Object.setPrototypeOf(Counter.prototype, React.Component.prototype);

It Works!

That's everything we need to do to get this component working with React without using the class syntax. Here's the code for the component in one place if you would like to copy it and try it out for yourself:

function Counter(props) {
this.state = {
count: 0
};
this.handleClick = this.handleClick.bind(this);
}
Counter.prototype.render = function() {
const { count } = this.state;
return (
<>
<button onClick={this.handleClick}>+1</button>
<p>{count}</p>
</>
);
}
Counter.prototype.handleClick = function() {
const { count } = this.state;
this.setState({ count: count + 1 });
}
Object.setPrototypeOf(Counter.prototype, React.Component.prototype);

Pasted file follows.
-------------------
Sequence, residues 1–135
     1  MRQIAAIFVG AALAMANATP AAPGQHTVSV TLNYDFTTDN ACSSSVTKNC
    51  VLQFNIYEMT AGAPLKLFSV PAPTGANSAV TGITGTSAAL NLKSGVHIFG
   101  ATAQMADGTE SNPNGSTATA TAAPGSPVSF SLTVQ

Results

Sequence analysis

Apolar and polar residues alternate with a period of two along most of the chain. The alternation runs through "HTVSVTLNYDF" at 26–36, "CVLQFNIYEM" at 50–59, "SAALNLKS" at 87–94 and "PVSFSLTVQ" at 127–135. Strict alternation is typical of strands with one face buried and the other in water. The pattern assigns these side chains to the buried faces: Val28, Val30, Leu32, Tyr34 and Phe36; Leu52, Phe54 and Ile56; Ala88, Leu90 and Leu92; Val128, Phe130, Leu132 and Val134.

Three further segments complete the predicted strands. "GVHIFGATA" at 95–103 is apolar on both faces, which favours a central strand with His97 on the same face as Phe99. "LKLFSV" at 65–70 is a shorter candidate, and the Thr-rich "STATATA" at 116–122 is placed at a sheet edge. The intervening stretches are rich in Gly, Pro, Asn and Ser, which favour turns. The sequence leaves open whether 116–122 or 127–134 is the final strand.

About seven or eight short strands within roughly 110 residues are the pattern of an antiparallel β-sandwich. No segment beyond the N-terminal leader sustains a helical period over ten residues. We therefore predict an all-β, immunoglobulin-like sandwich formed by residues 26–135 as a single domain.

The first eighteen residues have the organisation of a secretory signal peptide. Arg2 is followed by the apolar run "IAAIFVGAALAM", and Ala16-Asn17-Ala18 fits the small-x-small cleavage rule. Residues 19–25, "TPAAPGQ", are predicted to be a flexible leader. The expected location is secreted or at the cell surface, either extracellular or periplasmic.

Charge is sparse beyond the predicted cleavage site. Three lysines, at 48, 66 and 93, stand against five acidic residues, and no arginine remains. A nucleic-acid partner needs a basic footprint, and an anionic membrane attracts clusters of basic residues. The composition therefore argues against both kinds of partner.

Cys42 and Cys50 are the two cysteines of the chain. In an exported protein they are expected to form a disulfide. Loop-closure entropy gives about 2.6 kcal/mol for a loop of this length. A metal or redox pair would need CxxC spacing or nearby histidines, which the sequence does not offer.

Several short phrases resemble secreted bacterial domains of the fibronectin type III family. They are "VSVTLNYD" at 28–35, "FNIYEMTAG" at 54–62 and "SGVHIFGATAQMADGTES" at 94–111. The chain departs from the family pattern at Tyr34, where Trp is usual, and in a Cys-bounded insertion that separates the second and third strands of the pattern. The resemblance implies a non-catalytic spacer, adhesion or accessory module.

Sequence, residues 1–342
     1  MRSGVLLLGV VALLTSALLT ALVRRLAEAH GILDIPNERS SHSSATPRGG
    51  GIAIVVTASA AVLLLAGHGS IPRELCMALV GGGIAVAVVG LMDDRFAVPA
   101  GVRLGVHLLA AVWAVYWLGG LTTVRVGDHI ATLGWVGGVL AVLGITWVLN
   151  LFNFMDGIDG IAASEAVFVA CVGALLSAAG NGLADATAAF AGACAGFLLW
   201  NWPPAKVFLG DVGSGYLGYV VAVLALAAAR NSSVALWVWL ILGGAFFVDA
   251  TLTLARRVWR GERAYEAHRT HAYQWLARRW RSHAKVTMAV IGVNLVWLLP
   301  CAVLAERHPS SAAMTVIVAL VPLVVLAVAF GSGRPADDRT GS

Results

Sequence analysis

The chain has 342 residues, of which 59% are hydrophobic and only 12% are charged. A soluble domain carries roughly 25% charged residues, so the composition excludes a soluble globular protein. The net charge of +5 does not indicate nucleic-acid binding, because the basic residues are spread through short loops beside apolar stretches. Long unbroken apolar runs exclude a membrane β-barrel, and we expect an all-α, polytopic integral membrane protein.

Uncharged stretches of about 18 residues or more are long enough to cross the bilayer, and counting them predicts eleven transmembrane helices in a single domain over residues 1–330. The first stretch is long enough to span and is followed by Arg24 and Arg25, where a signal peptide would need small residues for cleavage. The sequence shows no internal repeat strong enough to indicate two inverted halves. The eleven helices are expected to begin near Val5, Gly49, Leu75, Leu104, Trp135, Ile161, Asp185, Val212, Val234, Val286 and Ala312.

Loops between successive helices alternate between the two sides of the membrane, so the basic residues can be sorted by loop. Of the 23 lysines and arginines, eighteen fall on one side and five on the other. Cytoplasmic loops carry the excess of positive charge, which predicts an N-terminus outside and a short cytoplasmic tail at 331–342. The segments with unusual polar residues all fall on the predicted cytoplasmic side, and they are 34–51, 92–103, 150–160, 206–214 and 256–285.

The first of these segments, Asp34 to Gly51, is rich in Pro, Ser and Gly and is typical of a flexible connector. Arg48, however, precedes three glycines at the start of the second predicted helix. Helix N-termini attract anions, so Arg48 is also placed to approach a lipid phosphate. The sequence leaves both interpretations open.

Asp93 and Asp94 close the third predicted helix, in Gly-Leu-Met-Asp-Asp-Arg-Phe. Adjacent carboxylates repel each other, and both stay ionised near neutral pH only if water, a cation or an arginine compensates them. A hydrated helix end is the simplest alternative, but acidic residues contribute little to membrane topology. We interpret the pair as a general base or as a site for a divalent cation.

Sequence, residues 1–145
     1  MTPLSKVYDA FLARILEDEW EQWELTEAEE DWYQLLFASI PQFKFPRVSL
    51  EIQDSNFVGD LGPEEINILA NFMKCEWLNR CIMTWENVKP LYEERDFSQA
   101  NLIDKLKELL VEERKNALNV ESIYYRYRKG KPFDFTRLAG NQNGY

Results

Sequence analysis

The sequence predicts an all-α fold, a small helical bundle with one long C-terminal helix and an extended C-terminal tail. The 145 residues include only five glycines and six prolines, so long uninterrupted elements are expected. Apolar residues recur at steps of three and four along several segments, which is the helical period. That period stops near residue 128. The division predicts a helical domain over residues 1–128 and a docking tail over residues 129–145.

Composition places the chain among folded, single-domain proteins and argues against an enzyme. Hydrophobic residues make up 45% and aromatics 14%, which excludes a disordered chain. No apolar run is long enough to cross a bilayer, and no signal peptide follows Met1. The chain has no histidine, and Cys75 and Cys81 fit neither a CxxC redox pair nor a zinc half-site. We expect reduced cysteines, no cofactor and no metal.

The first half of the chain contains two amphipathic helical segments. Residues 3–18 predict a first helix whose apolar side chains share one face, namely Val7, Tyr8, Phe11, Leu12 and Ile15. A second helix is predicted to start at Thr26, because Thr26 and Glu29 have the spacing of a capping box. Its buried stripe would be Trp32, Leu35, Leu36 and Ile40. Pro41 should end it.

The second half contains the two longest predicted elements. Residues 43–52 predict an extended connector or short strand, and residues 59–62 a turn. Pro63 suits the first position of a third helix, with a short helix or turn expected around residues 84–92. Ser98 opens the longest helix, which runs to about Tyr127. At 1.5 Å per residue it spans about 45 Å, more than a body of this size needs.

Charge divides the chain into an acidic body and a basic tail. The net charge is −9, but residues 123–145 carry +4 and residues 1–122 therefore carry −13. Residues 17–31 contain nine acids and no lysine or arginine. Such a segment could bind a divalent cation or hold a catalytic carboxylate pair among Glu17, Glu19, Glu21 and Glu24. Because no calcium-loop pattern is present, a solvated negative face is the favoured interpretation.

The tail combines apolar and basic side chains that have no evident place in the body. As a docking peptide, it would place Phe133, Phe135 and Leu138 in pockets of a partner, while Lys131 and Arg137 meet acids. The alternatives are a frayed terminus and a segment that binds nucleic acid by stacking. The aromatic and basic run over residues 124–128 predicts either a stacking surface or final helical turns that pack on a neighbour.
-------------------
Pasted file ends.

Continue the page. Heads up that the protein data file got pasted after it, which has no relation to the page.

As you can see, it's not as nice to look at as before! In addtion to making JavaScript more accessible to developers who are used to working with traditional class-based languages, the class syntax also makes the code a lot more readable. I'm not suggesting that you should start writing your React components in this way (in fact, I would actively discourage it!), I only thought it would be an interesting exercise which would provide some insight into how JavaScript inheritence works.


Although you don't need to understand this stuff to write React components, it certainly can't hurt and I expect there will be occassions when you are fixing a tricky bug where understanding how prototypal inheritence works will make all the difference. I hope you have found this article interesting and/or enjoyable, if you have any thoughts on the subject then please let me know.

If you've found this helpful then let me know with a clap or two!